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Birding for Beginners

American Robin in a tree
American Robin
Northern Cardinal
Northern Cardinal
barn swallow
Barn Swallow
Piliated Woodpecker
Pileated Woodpecker
Eastern bluebird stands on a statue
Eastern Bluebird
Tufted titmouse perched on a branch
Tufted Titmouse
Mourning Dove perched on a tree limb
Mourning Dove

Tips to Get Started

The best way to begin birding is to spend time outdoors and start observing and identifying the birds around you.

A few recommended tools include:

  • Binoculars
    • Watch for movement with your own eye first, then bring the binoculars up to the area where you saw movement to locate and observe the bird.
  • Field guide
    • Familiarize yourself with the field guide before heading out into the field. Learn about the common birds in your area. Flip through and note where each bird group is located within the guide. This way in the field, you can quickly flip to the section that contains the bird you are attempting to identify.
  • Mobile apps
    • There are several apps for smart phones that can help identify birds by photo, sound, or by answering a series of questions about the bird (habitat, size, colors).

When trying to identify a bird, keep the following in mind:

  • Color can be a good start in identifying a bird, however there are a lot of brown birds, a lot of blue birds, etc.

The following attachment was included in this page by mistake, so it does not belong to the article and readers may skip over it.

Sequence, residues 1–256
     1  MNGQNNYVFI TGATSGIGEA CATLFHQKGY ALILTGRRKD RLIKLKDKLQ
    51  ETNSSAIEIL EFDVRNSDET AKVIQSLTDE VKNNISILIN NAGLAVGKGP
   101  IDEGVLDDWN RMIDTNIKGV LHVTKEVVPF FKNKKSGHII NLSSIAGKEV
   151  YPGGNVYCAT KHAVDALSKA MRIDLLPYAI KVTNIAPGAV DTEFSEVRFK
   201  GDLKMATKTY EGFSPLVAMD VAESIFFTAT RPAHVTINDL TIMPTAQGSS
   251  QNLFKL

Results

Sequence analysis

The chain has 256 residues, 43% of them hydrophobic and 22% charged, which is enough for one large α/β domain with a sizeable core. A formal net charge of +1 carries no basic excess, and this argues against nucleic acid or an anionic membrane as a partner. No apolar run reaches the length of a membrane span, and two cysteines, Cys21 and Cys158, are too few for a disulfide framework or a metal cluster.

• Taking a closer look at field marks, which are physical characteristics that help identify a bird species. These can include:
      • Eye stripes
      • Throat patches
      • Wing bars
      • Eye ring
  • Sound, most of the time you will hear a bird singing or calling, instead of actually seeing the bird. Start listening to recordings of the birds you encounter on a daily basis. Once you have this call memorized, you can start learning the bird calls for other species.
  • Behavior is another way to identify a bird. Some birds prefer to forage on the ground like juncos, or mourning doves. Some birds, like Carolina Wrens, will bounce their tail up and down as the explore a dead log or thickets. White-breasted nuthatches will travel up and down a tree.
  • Birding takes a lot of patience; you will not see every bird you hear or that flies around. This is ok. It will take a time before you can confidently identify birds.
  • Enjoy the process and time spent in nature!

Best Practices

  • Give birds plenty of space, you know you are getting to close if there is a change in their behavior
  • Leave nesting parents, nests, egg, chicks, plenty of space.
  • Do not play bird calls, this can confuse and stress out nearby birds.
  • If you are birding in a group, use calm quiet voices if you see a bird, try to avoid quick gestures, especially pointing, these movements can spook birds.
  • If you are birding on a trail, be respectful to other trail users. Step to the side if a hiker is going by or a biker.
  • Stay on the trail, going off trail could damage a bird’s habitat.
  • Review the American Bird Association Code of Birding Ethics

Resources 

  • Apps
    • eBird
    • Merlin Bird ID
    • Audubon Bird Guide